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There is a town named Vardaman in Mississippi, about 40 miles southeast of Oxford. Faulkner could have borrowed the name because he liked the sound of it. What's more likely, however, is that he used the name of James K. Vardaman (1861-1930), who was governor of Mississippi from 1904 to 1908. They called him "Great White Chief," because like other Southern ...


4

I would think how words go straight up in a thin, line, quick and harmless, and how terribly doing goes along the earth, clinging to it, so that after a while the two lines are too far apart for the same person to straddle from one to the other There is huge difference between saying something and doing something. Theory and practice. Words are quick ...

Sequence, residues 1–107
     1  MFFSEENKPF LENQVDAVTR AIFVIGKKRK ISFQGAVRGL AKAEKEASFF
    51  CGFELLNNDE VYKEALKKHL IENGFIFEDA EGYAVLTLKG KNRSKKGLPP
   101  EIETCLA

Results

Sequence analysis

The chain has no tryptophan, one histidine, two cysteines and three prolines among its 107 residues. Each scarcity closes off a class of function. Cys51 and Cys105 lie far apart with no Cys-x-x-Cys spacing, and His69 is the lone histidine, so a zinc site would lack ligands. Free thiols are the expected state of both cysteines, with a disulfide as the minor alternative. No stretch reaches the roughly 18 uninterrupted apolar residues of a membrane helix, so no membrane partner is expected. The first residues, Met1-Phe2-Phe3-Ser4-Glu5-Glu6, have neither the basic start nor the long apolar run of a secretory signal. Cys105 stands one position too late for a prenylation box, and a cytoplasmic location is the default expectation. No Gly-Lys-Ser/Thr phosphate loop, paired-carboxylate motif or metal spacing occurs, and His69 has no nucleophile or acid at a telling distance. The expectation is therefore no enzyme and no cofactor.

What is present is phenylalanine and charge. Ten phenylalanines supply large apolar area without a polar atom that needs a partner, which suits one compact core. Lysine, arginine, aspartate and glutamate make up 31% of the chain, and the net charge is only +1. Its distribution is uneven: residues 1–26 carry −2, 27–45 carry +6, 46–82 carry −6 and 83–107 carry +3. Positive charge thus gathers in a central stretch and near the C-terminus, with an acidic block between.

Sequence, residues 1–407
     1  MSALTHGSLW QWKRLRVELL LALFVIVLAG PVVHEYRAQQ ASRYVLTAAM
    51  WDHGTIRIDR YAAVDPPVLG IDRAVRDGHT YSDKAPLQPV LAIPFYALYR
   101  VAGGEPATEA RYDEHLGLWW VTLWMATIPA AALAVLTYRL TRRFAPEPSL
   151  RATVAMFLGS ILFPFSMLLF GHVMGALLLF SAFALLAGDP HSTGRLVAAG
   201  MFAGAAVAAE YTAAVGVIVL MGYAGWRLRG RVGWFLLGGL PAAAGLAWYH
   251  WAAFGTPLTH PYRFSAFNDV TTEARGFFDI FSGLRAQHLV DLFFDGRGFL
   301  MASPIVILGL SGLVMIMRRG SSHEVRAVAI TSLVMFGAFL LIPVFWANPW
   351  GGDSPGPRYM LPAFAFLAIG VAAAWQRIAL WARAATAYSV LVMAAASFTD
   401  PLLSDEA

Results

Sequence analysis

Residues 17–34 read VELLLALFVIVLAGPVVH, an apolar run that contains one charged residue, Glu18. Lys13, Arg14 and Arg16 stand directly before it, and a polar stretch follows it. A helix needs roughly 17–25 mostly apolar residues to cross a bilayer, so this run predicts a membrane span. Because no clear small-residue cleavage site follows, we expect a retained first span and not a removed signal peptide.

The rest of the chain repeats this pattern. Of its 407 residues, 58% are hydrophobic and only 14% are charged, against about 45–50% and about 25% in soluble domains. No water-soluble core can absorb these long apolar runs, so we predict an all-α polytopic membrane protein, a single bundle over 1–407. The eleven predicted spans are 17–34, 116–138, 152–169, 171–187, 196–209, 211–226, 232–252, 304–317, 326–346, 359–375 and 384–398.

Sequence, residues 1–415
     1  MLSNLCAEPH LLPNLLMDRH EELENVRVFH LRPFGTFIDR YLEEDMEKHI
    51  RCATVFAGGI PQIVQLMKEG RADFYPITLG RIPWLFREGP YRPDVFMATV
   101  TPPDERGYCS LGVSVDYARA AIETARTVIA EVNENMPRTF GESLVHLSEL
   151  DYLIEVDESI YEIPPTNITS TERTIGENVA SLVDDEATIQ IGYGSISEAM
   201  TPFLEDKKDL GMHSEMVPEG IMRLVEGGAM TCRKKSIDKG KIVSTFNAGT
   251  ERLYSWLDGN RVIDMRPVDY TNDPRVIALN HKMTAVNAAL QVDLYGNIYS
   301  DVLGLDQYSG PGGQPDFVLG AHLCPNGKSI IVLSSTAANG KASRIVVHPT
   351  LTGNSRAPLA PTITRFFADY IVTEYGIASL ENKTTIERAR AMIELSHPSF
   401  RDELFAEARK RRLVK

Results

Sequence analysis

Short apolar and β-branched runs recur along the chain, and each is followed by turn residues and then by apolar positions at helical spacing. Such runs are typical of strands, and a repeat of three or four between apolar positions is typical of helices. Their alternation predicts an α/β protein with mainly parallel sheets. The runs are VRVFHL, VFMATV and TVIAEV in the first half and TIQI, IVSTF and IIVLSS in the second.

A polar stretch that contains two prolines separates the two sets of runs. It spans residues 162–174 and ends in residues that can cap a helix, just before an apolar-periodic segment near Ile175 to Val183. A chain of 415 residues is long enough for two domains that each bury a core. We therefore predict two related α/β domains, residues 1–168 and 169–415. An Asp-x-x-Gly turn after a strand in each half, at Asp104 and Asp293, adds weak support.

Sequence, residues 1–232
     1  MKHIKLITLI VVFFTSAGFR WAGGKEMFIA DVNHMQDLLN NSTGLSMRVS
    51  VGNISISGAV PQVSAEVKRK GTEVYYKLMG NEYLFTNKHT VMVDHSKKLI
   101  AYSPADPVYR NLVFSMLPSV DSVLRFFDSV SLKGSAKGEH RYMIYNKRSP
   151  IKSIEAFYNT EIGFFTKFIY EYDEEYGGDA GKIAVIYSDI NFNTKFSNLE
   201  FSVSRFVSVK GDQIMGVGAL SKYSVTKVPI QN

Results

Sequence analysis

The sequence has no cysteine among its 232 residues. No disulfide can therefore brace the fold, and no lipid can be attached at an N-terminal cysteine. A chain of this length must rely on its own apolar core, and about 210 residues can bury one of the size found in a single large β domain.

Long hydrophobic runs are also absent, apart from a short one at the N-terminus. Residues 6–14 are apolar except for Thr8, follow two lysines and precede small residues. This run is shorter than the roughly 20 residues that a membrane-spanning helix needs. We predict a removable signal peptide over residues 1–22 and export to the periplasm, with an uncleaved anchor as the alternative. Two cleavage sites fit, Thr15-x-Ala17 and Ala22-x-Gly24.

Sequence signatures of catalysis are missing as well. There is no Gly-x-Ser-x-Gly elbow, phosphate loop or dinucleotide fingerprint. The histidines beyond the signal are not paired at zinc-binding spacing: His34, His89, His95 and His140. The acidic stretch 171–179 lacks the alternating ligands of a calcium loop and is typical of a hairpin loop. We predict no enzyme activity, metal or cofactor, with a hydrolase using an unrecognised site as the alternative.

3

James K. Vardaman was my great-grandfather (he was also later a US senator for MS). My brother has done a lot of family research, and though "Vardhaman" is I think Hindi/India, it seems my family on my father's side (and further back) is somewhere in the Scandinavian area. I heard many years ago it's possibly a misspelled variation on "...


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